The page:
With his sights set on a career in the public service, Conor Johnson entered his first year of a Bachelor of Arts at James Cook University (JCU) knowing he wanted to study politics.
Covering topics including policy analysis and management, public policy and politics, Conor feels the course is giving him an overview of how the government functions across its varying departments, and gives him an understanding of how the public service implements policy.
“The course offers subjects that are about demonstrating how policy comes together and how decisions are made regarding what’s the best strategy to take, while addressing things as diverse as economic policy, economic policy, and social policy. Anything the government does is covered.”
Conor has enjoyed the opportunity to make in depth investigations into specific policy issues, allowing him to develop a specialty and follow his own areas of interest.
“You have an opportunity to find an area you like, and do your essays to your speciality. For me it’s security policy so I’ve done multiple essays focussing on terrorism, international security and Australia’s place in Asia-Pacific security, because that’s what I’m interested in and this course has allowed me to do that.
A Far North Queensland local, it was ideal for Conor to attend a local university which offers small classes and a personalised teaching style, which he says has been a huge benefit to his learning experience.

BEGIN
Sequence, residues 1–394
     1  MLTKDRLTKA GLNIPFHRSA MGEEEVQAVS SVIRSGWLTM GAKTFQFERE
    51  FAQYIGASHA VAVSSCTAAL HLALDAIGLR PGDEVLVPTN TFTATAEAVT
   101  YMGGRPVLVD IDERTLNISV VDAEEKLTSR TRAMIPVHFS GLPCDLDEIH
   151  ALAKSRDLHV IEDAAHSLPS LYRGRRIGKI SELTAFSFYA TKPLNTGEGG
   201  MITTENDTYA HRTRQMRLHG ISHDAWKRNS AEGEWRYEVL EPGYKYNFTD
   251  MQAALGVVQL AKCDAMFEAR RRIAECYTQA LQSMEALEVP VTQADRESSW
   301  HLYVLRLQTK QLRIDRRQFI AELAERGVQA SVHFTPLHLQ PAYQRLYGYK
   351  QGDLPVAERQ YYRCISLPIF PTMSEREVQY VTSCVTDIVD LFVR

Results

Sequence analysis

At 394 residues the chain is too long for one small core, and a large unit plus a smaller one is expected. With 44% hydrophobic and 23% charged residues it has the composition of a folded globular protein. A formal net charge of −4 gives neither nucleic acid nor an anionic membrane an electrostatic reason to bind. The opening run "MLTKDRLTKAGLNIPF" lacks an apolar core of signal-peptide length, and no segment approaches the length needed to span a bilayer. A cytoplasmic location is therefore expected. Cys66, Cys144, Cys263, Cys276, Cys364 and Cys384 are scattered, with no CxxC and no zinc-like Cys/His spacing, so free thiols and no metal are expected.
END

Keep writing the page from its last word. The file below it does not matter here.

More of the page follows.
“You have more time with your lecturers, which allows you to get to know them and speak to them. One of my lecturers makes sure he has coffee with his students every now and again – he’s always there to talk to you and you’re welcome to just stop by his office. The best thing about studying at JCU is being able to freely discuss my studies and talk to my lecturers. I can’t imagine getting this kind of support at a larger university in one of the capital cities.”
Before he applies into his dream career in the public service, Conor is planning to complete an honours thesis looking at Chinese interest in Australian agribusiness.
“I’m thinking of looking at the motives, giving some analysis and background to Chinese investors and their recent interest in Australian agricultural assets. But that’s only an idea, I have a whole semester to think about it.”